Smartphones, self-control and other interesting slices of life
Are “right-brain thinkers” really more creative? How do smartphones impact our self-control? We take a look at the answers to some of the biggest questions in this month’s life lines.
Creativity in your brain
Popular belief is that creativity is a “right-brain” activity and innovative people are thought to be “right-brain thinkers”. By contrast, the left hemisphere of the brain is considered to be analytical and logical. Neuroscientists are sceptical of the simplicity of this notion because human creativity must draw on large portions of both brain hemispheres. This issue has been examined in a new study looking at the brain activity of jazz guitarists during improvisation. The research showed that creativity is, in fact, driven by the right hemisphere in guitarists who are comparatively inexperienced at improvisation. However, highly experienced guitarists relied more on their left hemisphere during improvisation. It seems creativity is “right-brain” when the situation is unfamiliar but that creativity draws on well-learned “left-brain” routines when a person is familiar with a task. As usual, the simple truism is too simple to be true.
Smartphones and impulses
For this study, researchers recruited subjects who agreed to having their smartphone use monitored for seven to 10 days. Usage was monitored down to how much time they spent on each app. The subjects also completed several tasks and questionnaires that measured their self-control and behaviours regarding rewards. The results showed that people who spent the most time on their phones were more likely to prefer smaller, more immediate rewards to larger, delayed rewards. This preference for smaller immediate rewards was further broken down to being most common among people who liked two specific types of app: gaming and social media. Subjects who showed greater self-control spent less time on their phones. However, self-control and consideration of future consequences did not vary with screen time. This adds to other research showing a strong link between smartphone use and impulsive decision-making, and it’s a warning that high levels of smartphone use during teen years is a potent mix.
Source: PLOS One
Digging in to dogma
Dogmatic people believe that their world view represents an absolute truth and they are often resistant to changing their minds. The cognitive drivers of dogmatic thinking are not well understood. In a new study, researchers gave subjects questionnaires designed to establish their levels of dogmatism. Then the subjects were given a task that involved simple decision-making. They were shown two boxes, each with flickering dots, and were asked to decide which box contained the most dots. After they had made an initial choice, the researchers gave the subjects the chance to have another clearer view of the boxes. The subjects then made a final decision. Dogmatic individuals and moderates were the same in terms of accuracy but dogmatic people were more likely to decline the additional information, and especially when they were uncertain of their original decision. In a political scenario, this makes dogmatism a highly dangerous phenomenon.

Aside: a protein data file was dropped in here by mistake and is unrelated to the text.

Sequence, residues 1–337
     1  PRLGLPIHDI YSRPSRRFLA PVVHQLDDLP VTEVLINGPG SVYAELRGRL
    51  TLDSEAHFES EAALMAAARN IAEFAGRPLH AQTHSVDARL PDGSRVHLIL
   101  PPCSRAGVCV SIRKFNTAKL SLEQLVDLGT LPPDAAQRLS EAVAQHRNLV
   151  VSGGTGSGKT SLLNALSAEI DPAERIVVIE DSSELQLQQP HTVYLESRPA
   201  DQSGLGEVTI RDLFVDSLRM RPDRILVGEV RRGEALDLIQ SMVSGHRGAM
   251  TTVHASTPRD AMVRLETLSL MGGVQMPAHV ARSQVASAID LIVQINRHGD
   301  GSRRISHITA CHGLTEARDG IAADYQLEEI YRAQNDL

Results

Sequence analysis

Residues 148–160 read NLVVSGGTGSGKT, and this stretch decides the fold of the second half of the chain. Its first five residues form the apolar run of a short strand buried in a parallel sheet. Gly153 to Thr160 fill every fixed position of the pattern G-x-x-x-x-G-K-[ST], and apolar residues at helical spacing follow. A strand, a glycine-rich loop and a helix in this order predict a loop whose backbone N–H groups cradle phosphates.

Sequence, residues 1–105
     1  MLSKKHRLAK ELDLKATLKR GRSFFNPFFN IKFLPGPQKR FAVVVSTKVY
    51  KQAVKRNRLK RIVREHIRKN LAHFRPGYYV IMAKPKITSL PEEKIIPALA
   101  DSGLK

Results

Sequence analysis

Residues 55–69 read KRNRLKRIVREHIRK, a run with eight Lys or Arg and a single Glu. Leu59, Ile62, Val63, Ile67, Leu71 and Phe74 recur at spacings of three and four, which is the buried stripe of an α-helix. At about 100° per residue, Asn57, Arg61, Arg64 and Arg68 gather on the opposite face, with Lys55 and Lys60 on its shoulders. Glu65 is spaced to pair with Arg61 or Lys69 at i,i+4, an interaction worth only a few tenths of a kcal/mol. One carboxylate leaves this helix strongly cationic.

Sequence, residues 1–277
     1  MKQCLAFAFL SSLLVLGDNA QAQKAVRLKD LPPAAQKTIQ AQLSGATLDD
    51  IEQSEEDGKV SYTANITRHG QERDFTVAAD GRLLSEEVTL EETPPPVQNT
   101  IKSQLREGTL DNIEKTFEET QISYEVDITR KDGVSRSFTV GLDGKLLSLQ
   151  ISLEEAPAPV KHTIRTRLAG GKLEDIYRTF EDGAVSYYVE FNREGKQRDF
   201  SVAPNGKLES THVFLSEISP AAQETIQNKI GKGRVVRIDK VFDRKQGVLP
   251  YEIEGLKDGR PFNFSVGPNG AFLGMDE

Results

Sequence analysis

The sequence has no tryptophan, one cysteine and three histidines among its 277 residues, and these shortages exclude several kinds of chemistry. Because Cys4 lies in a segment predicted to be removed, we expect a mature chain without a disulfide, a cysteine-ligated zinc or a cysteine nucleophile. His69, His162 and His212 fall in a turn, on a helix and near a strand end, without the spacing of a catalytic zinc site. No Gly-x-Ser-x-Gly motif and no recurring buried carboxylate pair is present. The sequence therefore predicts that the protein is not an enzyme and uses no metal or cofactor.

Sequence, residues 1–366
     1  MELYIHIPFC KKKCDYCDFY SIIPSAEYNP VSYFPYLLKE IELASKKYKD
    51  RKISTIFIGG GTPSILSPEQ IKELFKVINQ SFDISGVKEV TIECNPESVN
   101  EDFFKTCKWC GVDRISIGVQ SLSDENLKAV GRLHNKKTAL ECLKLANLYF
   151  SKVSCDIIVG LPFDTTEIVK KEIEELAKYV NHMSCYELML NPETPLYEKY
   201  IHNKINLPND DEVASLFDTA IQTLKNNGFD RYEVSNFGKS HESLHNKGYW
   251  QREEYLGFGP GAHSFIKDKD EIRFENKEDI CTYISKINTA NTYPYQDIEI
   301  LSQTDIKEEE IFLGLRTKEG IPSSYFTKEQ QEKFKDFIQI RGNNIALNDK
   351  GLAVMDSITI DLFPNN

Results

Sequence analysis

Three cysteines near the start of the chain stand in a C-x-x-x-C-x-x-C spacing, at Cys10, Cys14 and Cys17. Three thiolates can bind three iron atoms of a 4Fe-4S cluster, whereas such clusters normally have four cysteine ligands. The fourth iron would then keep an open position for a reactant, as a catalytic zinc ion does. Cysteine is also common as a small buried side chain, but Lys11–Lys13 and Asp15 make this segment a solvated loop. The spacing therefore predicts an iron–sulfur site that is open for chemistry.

Source: Proceedings of the National Academy of Sciences
Oysters and champagne
In the gourmand world oysters and champagne are considered the perfect pairing. You might think that it’s just the relative expense of the foods that pairs them, but in a new study researchers have found that it is more than that. Food scientists from the University of Copenhagen have found that the answer lies in their umami taste (one of the five basic flavours detectable to human taste buds). The researchers found that a umami synergy exists in champagne and oysters. In champagne it comes from the dead yeast cells providing glutamate and, in the oysters, it comes from the nucleotides of the mollusc’s muscles. Together, these umami flavours strongly enhance each other. It’s the same synergy that exists with eggs and bacon, ham and cheese or tomato and meat. The delectable joy of these food combinations lies in their umami synergy or, you might say, they are “yumami!”.
Source: Scientific Reports
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Parents and technology
Parents stress about their children’s screen time and try to make well-intentioned restrictions, but new research shows they can relax a little. According to the study of more than 1200 young adults, parental limits on youth technology use has no lasting effect on use in adulthood, and equally, time spent on technology during teen years has little impact on long-term use.
Source: Advances in Life Course Research